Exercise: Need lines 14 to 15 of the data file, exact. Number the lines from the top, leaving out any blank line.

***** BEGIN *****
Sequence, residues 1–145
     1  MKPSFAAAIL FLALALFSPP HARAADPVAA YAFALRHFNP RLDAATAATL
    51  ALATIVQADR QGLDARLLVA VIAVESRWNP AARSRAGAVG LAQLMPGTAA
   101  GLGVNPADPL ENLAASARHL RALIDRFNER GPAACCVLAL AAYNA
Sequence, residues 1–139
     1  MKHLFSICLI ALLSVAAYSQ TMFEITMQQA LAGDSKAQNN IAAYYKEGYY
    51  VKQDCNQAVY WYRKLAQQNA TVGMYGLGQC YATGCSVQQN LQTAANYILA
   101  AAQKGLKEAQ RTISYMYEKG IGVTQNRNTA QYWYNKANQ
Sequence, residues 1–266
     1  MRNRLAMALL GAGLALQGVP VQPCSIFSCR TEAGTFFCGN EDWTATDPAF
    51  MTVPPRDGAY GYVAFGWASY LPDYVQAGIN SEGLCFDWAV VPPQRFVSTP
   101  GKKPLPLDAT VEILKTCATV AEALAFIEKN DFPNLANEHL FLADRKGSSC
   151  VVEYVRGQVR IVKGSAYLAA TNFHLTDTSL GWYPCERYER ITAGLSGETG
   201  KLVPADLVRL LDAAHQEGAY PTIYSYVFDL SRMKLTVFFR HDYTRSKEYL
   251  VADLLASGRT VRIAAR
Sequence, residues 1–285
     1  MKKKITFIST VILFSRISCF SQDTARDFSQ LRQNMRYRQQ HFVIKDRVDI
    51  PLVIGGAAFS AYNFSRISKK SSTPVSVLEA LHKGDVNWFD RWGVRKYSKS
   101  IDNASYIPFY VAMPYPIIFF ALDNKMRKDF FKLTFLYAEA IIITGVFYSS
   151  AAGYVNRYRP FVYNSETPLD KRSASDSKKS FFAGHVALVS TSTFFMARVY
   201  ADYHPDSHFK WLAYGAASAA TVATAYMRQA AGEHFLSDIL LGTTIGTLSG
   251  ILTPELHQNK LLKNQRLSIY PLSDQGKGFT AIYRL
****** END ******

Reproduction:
   201  KLVPADLVRL LDAAHQEGAY PTIYSYVFDL SRMKLTVFFR HDYTRSKEYL
   251  VADLLASGRT VRIAAR